Scott Gottlieb sees an extension of the eligibility sooner than anticipated
Dr. Scott Gottlieb said Monday he believes states in the US may upgrade coronavirus vaccine eligibility earlier than expected due to the overwhelming willingness to receive the shots.
“We live by the belief that the demand here is endless and not,” the former commissioner of the Food and Drug Administration said on CNBC’s “Squawk Box”. “I think by the end of February we will find that we have to open the eligibility pretty wide to get people to get vaccinated. We won’t be in this rationing situation. I think it will work.” to end earlier than we think “
Gottlieb sits on the board of directors at Pfizer, which has one of the two Covid-19 vaccines approved by the FDA for emergency use. The other was developed by Moderna. Because the doses available are limited, vaccine administration is phased. Healthcare workers and long-term care residents were given priority in the first wave, and some states have moved into other groups such as older Americans and key workers like the police and fire departments.
A school bus driver gestures after receiving a dose of the moderna coronavirus disease (COVID-19) vaccine at a vaccination station on the South Bronx Educational Campus in Bronx New York on Jan. 10, 2021.
I have Betancur | AFP | Getty Images
The pace of vaccine adoption in the US has been heavily criticized after the FDA issued limited approvals in December. The Trump administration fell far short of its goal of vaccinating 20 million Americans by the end of the year. By Friday morning, about 6.7 million Americans had received their first shot of the two-dose vaccine, according to the Centers for Disease Control and Prevention. Approximately 22.1 million cans were distributed.
One hurdle in vaccine distribution has been reluctance to get the shot among healthcare workers, particularly those working in nursing homes. Late last month, Ohio Governor Mike DeWine said 60% of the state’s nursing home workers are choosing not to get vaccinated.
Gottlieb, who headed the FDA in the Trump administration from 2017 to 2019, said the caution of getting the shot likely permeates the entire population, and he predicted it will persist even if the number of available vaccine doses increases.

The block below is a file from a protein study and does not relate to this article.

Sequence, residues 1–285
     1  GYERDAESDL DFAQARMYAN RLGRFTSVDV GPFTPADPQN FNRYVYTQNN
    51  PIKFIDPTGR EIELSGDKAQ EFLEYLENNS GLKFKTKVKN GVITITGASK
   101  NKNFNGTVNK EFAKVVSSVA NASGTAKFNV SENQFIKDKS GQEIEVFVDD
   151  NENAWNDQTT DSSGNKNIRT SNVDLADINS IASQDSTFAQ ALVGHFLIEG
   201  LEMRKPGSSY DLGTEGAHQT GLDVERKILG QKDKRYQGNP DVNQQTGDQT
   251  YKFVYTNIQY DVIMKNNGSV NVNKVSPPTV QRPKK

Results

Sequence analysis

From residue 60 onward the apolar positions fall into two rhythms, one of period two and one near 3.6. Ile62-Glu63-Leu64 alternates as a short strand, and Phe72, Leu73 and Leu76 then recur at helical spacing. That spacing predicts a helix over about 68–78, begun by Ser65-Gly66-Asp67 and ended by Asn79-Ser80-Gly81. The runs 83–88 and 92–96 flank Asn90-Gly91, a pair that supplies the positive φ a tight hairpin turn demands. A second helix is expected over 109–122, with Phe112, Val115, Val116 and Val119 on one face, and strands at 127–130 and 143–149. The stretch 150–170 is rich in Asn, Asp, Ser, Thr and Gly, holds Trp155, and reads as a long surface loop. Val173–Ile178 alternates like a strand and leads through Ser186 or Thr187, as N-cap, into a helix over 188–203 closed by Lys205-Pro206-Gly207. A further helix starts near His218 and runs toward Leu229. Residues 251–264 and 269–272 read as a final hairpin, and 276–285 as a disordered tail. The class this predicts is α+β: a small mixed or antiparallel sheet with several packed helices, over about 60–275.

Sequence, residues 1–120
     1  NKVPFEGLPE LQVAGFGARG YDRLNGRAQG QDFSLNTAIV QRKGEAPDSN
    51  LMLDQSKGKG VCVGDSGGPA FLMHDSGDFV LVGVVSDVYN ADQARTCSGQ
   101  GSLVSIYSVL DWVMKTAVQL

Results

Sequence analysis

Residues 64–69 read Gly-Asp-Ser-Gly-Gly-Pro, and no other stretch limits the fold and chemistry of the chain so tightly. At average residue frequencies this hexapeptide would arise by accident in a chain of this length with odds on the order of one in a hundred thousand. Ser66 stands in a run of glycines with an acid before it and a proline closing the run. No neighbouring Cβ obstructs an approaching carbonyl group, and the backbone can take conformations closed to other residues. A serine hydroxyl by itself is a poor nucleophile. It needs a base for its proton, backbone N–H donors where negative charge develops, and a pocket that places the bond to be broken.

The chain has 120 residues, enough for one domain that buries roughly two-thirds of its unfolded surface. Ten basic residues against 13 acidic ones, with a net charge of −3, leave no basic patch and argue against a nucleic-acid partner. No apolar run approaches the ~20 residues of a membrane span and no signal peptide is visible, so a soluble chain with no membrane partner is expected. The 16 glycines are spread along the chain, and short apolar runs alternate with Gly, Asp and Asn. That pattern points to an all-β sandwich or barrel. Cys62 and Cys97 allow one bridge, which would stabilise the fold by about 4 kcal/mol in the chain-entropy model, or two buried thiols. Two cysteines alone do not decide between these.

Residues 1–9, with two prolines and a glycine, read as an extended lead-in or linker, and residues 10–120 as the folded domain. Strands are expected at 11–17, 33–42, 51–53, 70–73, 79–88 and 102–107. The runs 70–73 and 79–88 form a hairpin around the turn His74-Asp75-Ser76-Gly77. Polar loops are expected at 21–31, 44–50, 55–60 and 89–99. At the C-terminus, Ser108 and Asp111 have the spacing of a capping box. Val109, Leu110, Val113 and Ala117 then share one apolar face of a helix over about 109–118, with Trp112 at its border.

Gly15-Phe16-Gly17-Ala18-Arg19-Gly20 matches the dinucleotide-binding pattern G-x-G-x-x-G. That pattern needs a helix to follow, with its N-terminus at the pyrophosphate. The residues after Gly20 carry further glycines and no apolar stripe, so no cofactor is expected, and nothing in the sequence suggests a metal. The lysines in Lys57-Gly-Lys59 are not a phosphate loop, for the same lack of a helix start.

“My belief here is that the demand is very low – there are people who really want it urgently – but it is not wide,” said Gottlieb. In Florida, for example, there have been reports of elderly residents waiting in line for hours to be vaccinated, including some waiting overnight, and other reports of residents of other states flocking to Florida to be shot because of they were open to people aged 65 and over
Seniors and first responders wait in line to receive a COVID-19 vaccine at the Lakes Regional Library on December 30, 2020 in Fort Myers, Fla. 800 vaccine doses were available at the site.
Octavio Jones | Getty Images
Not everyone will take such extraordinary measures to get vaccinated, predicted Gottlieb. “I think as soon as we’re 60 [million]70 [million]80 million vaccinated Americans will find it a little more difficult to get people to come to a stadium or sign up for a vaccination, “he said.” We need to look for other delivery ways to make it easy for people to get these vaccinations. “
Pharmacy chains like Walgreens and CVS Health told CNBC last month that they are expected to offer vaccinations to the general public in the spring.
Gottlieb also reiterated his belief that the intensity of the current U.S. Covid-19 outbreak requires a greater sense of urgency in the distribution of vaccines. The 7-day average of daily deaths from coronavirus in the country is 3,239, according to a CNBC analysis of data compiled by Johns Hopkins University.
The discovery of new variants of the virus that are believed to be more transmissible increases the need to speed up vaccinations, according to Gottlieb. He also urged that states should not respond criminally to reports of vaccine distribution to people who do not belong to priority groups.
“The more rules, the more penalties are introduced, the fewer vaccines are given. I think that’s just the bottom line,” said Gottlieb. “If we want to make sure that there is absolutely no one who is supposed to jump over the line, we are going to have a system that is really creeping. I think we have to get over it and realize that any vaccine we can get against someone correct is.” Given the urgency and this new variation, this is in some ways a public health benefit. “
Disclosure: Scott Gottlieb is a CNBC employee and a member of the boards of directors of Pfizer, the genetic testing startup Tempus, and the biotech company Illumina. He is also co-chair of the Healthy Sail Panel of Norwegian Cruise Line Holdings and Royal Caribbean.
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